Artist Lee Tunila grew up in a house that was over 100 years old in Savannah, Georgia, steeped in history. Whether big or small, many of the houses in her hometown were well preserved. So for Lee, caring for your home was simply a way of life.
Shortly after they got married in 2001, Lee and husband Randy bought an original 1,800-square-foot mid-century Manhattan Beach home built in 1963. Driving up to the property for the first time, they could not even see the house from the street because it was completely covered in shrubbery.
The young couple saw the bones of the place were good and figured they could live in it for a while and slowly start making changes. But neither of them saw this old house as their forever home.
After getting the keys on Christmas Eve and first walking into the house as owners, they both thought they had made a huge mistake. It had a funky living plan with parquet floors, blue shag carpet and animal print wallpaper. The home was last remodeled in the ’80s, and although Lee appreciated its eclecticism, big changes were needed.
They took out the carpet, painted and did minor things to make it more livable for them. Over time, they slowly renovated different areas. “Things came together when we decided to give a nod to what it was destined to be—a mid-century house,” shares Lee. “Now I love my home, but it took me a few years to get to that.”
Lee and Randy maintained the original skeleton of the house but opened up the congested, partitioned living area into a wide-open space consisting of the kitchen, dining room and living room. Originally Lee wanted to get rid of the fireplace but learned to love it. It’s now the main feature that centers the space. The long eaves of the house are also classic mid-century, and they chose to keep it that way.
The Tunilas looked for some design help from someone whose love and expertise is mid-century modern and found that in designer Arianna Sabra of Arianna Sabra Interiors. Arianna helped Lee make the home feel authentic. All their furniture is retro, with some vintage pieces like the sideboard lamp and magazine stand in the living room. The French decorative light fixture hanging over the dining table is also vintage, as well as the gorgeous double-crossed chairs perfectly situated around the table.
On that table is a beautiful wooden bowl that carries its own origin story. A massive Myoporum tree used to umbrella the entrance to the house, and it was Lee’s favorite view. Two years ago it uprooted and fell onto the house. She was devastated that the tree had to be extracted, but being sentimental she had the foresight to save a limb. She didn’t know what she was going to do with it until she found a woodworker named Jonathan Weaver. She gave him the freedom to make whatever he wanted from what was left of her beloved tree. Out came this exquisite bowl.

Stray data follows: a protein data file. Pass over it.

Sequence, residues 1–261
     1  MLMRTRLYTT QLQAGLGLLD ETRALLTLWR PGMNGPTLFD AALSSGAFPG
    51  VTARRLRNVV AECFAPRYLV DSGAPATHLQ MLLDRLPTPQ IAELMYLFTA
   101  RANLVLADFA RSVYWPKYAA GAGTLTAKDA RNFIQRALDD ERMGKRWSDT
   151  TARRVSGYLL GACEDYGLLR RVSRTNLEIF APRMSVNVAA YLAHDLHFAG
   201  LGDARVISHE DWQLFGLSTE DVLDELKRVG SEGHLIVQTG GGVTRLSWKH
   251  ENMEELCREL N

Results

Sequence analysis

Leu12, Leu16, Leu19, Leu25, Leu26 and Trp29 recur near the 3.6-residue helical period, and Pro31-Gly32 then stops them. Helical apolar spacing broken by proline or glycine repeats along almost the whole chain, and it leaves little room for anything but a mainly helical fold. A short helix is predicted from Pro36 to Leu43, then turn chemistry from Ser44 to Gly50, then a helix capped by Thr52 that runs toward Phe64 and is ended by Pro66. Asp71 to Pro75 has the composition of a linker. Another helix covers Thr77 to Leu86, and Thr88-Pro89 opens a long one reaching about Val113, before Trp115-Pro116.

Lee’s house is filled with personal decor pieces from her family that remind her of where she comes from. “Everything I have in the home is meaningful; it’s not just for pure aesthetics,” she says. “It’s a home, and I want it to feel that way.” Being an artist herself, Lee is extremely selective about the artwork that dons her walls. In one way or another, they all have great meaning.
“Things came together when we decided to give a nod to what it was destined to be—a mid-century house.”
The large abstract painting that hangs above the fireplace is a main focal point of the home. It represents a memoir done by one of her mentors, artist Joe Blaustein. The other painting in the living room she found and fell in love with at a vintage store in Savannah. After doing some research, she discovered that the artist of this painting was the first African American professor at one of the colleges in Savannah.
Another painting hanging above her bed was the first given to her by Randy. Their bedroom is the couple’s haven. The inviting king-size bed is centered between two amazing mid-century hanging pendant lights. On the wall facing the bed hang two of her own personal favorite paintings that help unify the space. Lee’s guitar sits in the corner begging to be played.
They converted the fourth bedroom into a functional space for all. It operates as an office, laundry area and a place for the kids to hang out and watch TV or read a book in the nook.
The floors showcase large-format tiles hand-designed by an artist who used Sharpies to draw the patterns. Light spills into the room from all directions and boasts a gorgeous view of their charming backyard. This room opens to their spectacular outdoor living space.
The Tunilas chose to limit the house footprint so they could have an adequate open-air space specifically designed for entertaining. This area includes a charming courtyard with seating centered around a rustic outdoor fireplace. High hedges border the perimeters of the space, and creeping fig climb the brick walls—giving the area an old-world feel.
The other side contains a built-in fire pit and seating area that can comfortably hold 16 people—perfect for entertaining both adults and children. Weather permitting, the Tunilas often dine outside at the table situated at the foot of the outdoor space and make s’mores around the communal pit.
It took almost two decades, but the Tunila house has now become their forever home. Lee jokes, “We’re like toe-taggers. We are going to be buried in our front yard right next to the stump of that old tree.”